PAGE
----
The problem with the London area is the poor rail connections between the airports, which makes it difficult to disperse connecting traffic to other runways with available capacity, produing the Heathrow bottleneck. It's worth remembering that the London area has 7 runways spread over 6 airports: Heathrow (two), Gatwick, Luton, Stansted, Southend, and City; and that's without counting the currently non-commercial runways at Northolt and Biggin Hill. The idea of linking Heathrow and Gatwick by a high-speed rail link, creating a single virtual "Heathwick", has been mooted, however this is less popular with the airlines. They'd rather expand Heathrow and keep low-cost flights running out of Gatwick.
In fact, there's an argument to increase the virtual airport to include Luton (Heathwickton, perhaps). Not only does this increase capacity (assuming low-cost flights migrate to Stansted), but it means that further runway growth can potentially occur in two locations before Heathrow need be considered. This becomes even more compelling if the HS2 link is diverted to run via Luton airport, thus providing fast access to Birmingham as well as London. (There is also a case to be made for extending Crossrail, which is due to terminate at Shenfield in Essex, to Stansted in the longer-term.)
Without a high-speed link between Heathrow and Gatwick, London airport transfers will continue to be a major hassle. There are fast connections into Paddington and Victoria, but you need to sit on the Circle line for half an hour in between and cart your luggage through two stations. Crossrail will extend the high-speed route from Paddington to Tottenham Court Road and Liverpool Street, but it won’t help transfers via Gatwick or Luton. There are plans for a Crossrail 2, which will provide a spur from Tottenham Court Rd via Victoria to Chelsea (and possibly Clapham Junction), but that is years away and the economic case looks weak. This might get the Heathrow-to-Gatwick transfer time down to 1 hour. A high-speed rail link close to the M25 would be a lot easier (and cheaper) to build than more routes in Central London, which would have to be largely tunnelled, and it offers the prospect of transfer times closer to 20 minutes.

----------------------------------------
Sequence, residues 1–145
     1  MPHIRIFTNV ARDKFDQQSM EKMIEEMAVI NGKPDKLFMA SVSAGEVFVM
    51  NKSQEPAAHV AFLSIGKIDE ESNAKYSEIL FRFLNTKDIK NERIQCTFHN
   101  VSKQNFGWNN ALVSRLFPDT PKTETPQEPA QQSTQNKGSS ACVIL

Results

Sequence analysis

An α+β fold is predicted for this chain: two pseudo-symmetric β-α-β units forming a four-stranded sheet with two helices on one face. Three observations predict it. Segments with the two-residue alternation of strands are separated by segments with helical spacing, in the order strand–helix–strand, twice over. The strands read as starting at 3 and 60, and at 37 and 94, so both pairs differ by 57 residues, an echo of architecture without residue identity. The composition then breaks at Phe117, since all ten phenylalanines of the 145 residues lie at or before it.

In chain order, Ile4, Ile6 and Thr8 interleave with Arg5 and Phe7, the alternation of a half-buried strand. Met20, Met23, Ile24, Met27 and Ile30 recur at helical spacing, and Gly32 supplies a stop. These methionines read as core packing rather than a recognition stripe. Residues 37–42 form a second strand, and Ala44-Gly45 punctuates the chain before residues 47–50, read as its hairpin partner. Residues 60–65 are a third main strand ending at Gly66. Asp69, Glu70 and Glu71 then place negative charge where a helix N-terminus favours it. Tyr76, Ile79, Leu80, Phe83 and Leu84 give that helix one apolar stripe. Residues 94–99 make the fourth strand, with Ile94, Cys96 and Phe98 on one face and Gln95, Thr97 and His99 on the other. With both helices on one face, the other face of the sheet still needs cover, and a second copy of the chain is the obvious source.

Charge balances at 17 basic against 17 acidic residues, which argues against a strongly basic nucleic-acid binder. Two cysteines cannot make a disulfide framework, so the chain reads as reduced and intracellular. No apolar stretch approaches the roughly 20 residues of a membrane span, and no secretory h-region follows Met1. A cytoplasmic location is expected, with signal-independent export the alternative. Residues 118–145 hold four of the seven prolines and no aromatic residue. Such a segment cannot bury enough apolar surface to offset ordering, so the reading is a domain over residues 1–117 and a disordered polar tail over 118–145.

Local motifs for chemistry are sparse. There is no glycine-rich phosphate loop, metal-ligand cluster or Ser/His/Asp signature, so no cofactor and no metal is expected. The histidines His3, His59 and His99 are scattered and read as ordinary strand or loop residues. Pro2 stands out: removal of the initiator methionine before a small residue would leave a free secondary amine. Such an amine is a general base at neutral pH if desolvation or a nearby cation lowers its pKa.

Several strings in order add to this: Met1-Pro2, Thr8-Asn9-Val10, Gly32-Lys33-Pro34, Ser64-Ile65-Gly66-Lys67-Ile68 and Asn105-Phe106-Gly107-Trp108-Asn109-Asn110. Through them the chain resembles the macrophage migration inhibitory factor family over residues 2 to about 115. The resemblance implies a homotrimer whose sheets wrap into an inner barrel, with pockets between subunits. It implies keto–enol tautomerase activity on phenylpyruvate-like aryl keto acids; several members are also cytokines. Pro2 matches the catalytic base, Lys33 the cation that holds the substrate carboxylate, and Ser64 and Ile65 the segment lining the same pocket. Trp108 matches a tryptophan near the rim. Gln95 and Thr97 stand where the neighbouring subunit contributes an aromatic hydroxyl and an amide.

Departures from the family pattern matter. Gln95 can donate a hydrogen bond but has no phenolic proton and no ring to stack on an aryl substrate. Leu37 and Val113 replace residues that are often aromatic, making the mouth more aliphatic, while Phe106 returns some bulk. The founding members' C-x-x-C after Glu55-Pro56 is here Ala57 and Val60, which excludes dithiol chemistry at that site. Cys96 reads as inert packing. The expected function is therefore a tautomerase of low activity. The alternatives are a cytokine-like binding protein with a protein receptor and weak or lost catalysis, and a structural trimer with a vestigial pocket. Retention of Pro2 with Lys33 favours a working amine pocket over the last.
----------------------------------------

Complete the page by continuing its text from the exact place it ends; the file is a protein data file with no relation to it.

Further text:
Boris Island would leave cross-London transfer times little better than they are today, even with an extension of Crossrail to Kent. This would argue for the minimisation of transfers, which means building the maximum 4 runway capacity from day one. The green light for this folly would therefore be the death knell for Heathrow. While a few nimbys in Putney and Twickenham would be happy enough with that, the impact on the local economy of West London would be traumatic, and arguably the entire Thames Valley would suffer. Should businesses consequently relocate from Maidenhead to Maidstone, this would further leech opportunities away from the Midlands and the West Country. The UK would become even more unbalanced.
The commission of inquiry into the Dardanelles Campaign failure reported in 1919. This sums it up neatly: "It concluded that the expedition was poorly planned and executed and that difficulties had been underestimated, problems which were exacerbated by supply shortages and by personality clashes and procrastination at high levels". The solution to London's airport conundrum is not more runways, but better railways. Now we just need to convince Boris that it was his idea all along.